Cheers erupted from the large crowds gathered outside the Hennepin County Government Center on Tuesday after the jury found former Minneapolis police officer Derek Chauvin guilty in the death of George Floyd.
Guilty on all counts: unintentional second-degree murder, third-degree murder and second-degree manslaughter.
"George Floyd! Justice!"
Wild cheering outside of courthouse now. Crowd is jubilant to hear of guilty verdict. pic.twitter.com/Q3sN6HN9pE— Tim Nelson (@timnelson_mpr) April 20, 2021
The crowd spilled into the streets near the courthouse, with cars honking and demonstrators chanting and waving Black Lives Matter flags.
Downtown Minneapolis was the scene of "absolute jubilation," wrote Liz Sawyer of the Minneapolis Star Tribune. "Car horns blaring for the last 10 minutes. Fists raised outside car windows. Flags [waving]. Chants of 'All three! All three!' "
"You can never fully get justice losing a loved one, but they're vindicated because his death was not in vain," Kim Griffin, 59, told Sawyer. "I'm happy for the [Floyd] family and I'm happy for the city. Even though we still have other trials to come, I think our city can start healing."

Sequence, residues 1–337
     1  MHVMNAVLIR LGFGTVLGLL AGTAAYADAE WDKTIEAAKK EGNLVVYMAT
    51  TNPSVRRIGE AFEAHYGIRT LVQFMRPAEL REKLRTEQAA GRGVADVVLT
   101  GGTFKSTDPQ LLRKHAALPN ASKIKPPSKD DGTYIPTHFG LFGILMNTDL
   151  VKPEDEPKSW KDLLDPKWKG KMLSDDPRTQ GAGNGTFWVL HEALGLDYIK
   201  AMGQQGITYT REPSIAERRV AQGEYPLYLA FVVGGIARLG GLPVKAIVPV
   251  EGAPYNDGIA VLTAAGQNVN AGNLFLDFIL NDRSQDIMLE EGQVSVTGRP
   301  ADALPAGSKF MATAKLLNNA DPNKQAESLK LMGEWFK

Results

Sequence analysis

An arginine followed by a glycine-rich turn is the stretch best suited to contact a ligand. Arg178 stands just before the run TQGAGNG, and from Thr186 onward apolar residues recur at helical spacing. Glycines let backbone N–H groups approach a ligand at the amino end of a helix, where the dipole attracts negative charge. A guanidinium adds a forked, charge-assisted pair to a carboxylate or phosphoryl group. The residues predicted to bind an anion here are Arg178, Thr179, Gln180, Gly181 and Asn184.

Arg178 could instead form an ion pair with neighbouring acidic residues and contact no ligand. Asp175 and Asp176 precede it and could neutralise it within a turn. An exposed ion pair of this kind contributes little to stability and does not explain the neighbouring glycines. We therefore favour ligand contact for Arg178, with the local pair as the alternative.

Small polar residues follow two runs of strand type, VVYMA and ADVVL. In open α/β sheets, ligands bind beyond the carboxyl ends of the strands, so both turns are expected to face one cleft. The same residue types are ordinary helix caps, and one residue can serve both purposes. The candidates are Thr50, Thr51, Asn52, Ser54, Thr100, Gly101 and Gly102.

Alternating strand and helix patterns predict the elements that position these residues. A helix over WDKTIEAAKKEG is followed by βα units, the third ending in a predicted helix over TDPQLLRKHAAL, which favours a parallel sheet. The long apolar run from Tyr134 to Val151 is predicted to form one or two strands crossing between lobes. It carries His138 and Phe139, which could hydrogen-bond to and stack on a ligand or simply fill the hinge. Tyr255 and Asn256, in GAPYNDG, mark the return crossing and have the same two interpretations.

"This is our Super Bowl," said Jeff Compton, as he fought back tears.
Absolute jubilation downtown. Car horns blaring for the last 10 minutes. Fists raised outside car windows. Flags waiving. Chants of “All three! All three!” pic.twitter.com/jxSQWcSfhQ— Liz Sawyer (@ByLizSawyer) April 20, 2021
Crowds also gathered 4 miles away at George Floyd Square, the renamed intersection in front of Cup Foods, where Chauvin knelt on Floyd's neck for more than nine minutes.
Reaction at Floyd Square pic.twitter.com/HRJL611X1w— Matt Sepic (@msepic) April 20, 2021
People held up speakers, blasting live coverage of the trial to those around. Claps and cheers went out when the guilty verdict came in.
"I felt a yearlong weight lifted off my chest and shoulders," 19-year-old Ebony Moore told NPR. "It was overwhelming. I can't describe how I felt. The jurors did what they were supposed to do."
Moore said the community can now "really start to do some healing. ... This is a really big win for us, but we still have a long way to go."
NPR's David Schaper and Leila Fadel and Minnesota Public Radio's Matt Sepic, Tim Nelson and Brandt Williams contributed reporting.